- Crimson Romance
- Release Date
- April 2013
Shamed investigative journalist turned tabloid scribe Maggie O'Connell convinces her editor to let her go to Minnesota to research alleged werewolf sightings. Her first night in the woods, she gets trapped in an ancient sleeping bag, unintentionally attracts the attention of a bear, and is saved by the most unlikely of heroes: the very wolf she had come to investigate!
When she meets horse rancher Aidan Gael in the town market days later, she recognizes his eyes as those belonging to her champion. He dodges her every attempt to get to know him but undaunted Maggie launches a campaign to win over the recalcitrant Aidan.
Aidan tries desperately to avoid her; he both fears Maggie and fears for her. Neither man nor beast can resist her curious mind and courageous heart. One kiss threatens to break Aidan's tenuous self-control but furthers Maggie's resolve. However danger lurks at every turn. The curse Aidan fights to keep secret is only one of the obstacles that will test the strength of their bond. Together they will navigate the violence of both nature and of man in pursuit of their destiny.
Mar 01, 2016 [ OFFICIAL REVIEW ]
177 people found the following review helpful
In FATED SOULS by Becky Flade, readers get an interesting new twist on werewolves, but the story often succumbed to random and unpleasant twists and turns, resulting in an unenjoyable reading experience. I give it 2 stars.
In the novel, Maggie O'Connell investigates a possible werewolf sighting in Minnesota, and amidst the gossipmongers, she meets and falls in love with the reclusive Aidan Gael, a wealthy horse breeder, and his wolf, Gaelach. Maggie figures out the werewolf's identity early, but stays to see if the connection she feels with Aidan and his wolf will become something permanent. Throw in some stupid, drunk hunters, a psychopathic ex, and a blindsiding personal surprise, and there are some hurdles to overcome.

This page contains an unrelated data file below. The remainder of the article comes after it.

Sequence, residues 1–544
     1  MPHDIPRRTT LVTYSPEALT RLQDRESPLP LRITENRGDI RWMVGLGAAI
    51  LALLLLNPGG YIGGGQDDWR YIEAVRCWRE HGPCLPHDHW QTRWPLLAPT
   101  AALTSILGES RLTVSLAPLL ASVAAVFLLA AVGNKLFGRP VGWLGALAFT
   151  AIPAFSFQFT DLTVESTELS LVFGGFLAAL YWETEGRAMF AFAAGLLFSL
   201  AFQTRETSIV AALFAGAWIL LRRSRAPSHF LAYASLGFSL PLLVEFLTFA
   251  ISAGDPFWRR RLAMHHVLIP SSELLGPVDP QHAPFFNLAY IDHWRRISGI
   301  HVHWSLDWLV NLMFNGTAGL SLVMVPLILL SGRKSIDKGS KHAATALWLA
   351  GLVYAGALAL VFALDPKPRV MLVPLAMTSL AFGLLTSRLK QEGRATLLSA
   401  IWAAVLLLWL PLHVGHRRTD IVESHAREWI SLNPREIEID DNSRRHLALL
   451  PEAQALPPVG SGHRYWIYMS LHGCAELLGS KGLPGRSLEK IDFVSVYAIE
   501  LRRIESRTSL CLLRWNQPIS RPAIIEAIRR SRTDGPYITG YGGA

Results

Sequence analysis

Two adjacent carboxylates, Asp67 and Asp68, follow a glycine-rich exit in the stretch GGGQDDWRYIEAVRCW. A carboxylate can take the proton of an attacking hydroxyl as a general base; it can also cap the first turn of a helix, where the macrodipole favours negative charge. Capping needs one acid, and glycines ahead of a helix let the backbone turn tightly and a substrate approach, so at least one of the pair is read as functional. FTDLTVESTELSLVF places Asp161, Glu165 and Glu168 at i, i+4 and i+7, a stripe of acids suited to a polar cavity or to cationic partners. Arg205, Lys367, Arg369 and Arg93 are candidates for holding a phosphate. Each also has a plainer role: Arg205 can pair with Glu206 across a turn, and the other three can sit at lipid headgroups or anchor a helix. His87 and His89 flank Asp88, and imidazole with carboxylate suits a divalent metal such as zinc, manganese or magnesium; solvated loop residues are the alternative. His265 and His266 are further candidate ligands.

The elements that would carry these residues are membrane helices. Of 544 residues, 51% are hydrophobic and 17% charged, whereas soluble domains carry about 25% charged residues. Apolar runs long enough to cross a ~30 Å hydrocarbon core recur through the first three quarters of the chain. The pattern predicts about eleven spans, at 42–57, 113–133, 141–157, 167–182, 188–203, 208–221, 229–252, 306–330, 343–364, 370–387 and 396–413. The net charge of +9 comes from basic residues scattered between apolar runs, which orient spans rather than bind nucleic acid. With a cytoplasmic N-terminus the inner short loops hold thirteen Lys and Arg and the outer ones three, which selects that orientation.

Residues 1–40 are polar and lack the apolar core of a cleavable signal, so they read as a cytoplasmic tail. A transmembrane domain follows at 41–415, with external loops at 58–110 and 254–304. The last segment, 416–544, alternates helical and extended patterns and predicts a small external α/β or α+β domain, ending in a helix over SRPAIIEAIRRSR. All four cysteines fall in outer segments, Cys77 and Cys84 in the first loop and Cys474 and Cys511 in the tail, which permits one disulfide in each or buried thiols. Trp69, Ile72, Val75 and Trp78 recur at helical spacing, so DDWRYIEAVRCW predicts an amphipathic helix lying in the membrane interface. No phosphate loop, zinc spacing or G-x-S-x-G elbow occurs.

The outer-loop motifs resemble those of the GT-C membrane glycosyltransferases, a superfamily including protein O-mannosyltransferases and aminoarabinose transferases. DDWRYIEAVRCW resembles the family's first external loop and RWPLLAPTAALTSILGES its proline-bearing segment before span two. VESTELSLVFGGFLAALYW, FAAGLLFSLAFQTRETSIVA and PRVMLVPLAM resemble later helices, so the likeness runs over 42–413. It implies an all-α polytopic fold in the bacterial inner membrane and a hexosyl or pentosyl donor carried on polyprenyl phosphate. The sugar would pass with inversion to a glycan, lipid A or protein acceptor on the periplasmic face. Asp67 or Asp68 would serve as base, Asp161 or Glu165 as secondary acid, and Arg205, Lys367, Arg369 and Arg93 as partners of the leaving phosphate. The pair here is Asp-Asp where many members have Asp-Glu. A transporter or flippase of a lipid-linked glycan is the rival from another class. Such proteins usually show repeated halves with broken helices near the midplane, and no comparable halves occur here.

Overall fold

Overall, this was an okay novel. The idea of the werewolf being a curse was intriguing. The main characters were sympathetic, and their drama elicits an emotional response. The relationship between Aidan and Maggie was mostly believable.
The main issues I had with the novel were the pacing and continuity, the speed and turbulence of which cause the novel to feel very shallow. The novel proceeds at a brisk trot mostly with some brief cantering, and I felt like there were many pieces to the plot puzzle that could have used some elaboration. Like a stone skipped across a pond, there is so much that happens between scenes that I often stopped reading mid-scene with a "Wait, what?" response.
There is a very brief interaction with a Native American woman at the mall, and the significance of that meeting is seriously underplayed, as is Maggie's own Native American heritage. I felt like that was an aspect to the novel that could have been fleshed out and added depth to the mystery. Also, the novel opens with Maggie camping out in the woods investigating the werewolf, but we don't learn anything about why she works for the tabloid until two-thirds of the way through the novel. It felt like I was just dropped into the deep end of the story without a life-jacket. There was just no background context for her situation, and as the story continues, there are many gaps of time that are not properly identified. So the reader doesn't really get an understanding of the timeline until much later in the novel when certain personal events begin to mark time for everyone.
There was also the issue of authenticity and continuity within scenes, and this is one of my pet peeves. The book opens with Maggie camping overnight. It's dark. There is no indication that she has a lantern or flashlight or anything else like that, yet she can see that the wolf has green eyes and sketches him often. Also the issue of seasons and sunrise/sunset times don't quite match. At one point in the novel it is winter in Minnesota, which means that "late afternoon" is dark, but the scene is portrayed as it being light outside. Then suddenly someone is saying that it is springtime. Huh? These kinds of things make the story feel so contrived as to be totally unbelievable, and it is distracting in the extreme for me. I have such difficulty paying attention to the plot when I'm battling annoyance because there's no way a person can observe the things this character is observing at the time and place the character is observing them.
Overall, the novel was okay, but it could have been so much better. Readers who love supernatural fiction in general might enjoy this, but werewolf lovers might not because it drastically diverges from the typical werewolf lore.
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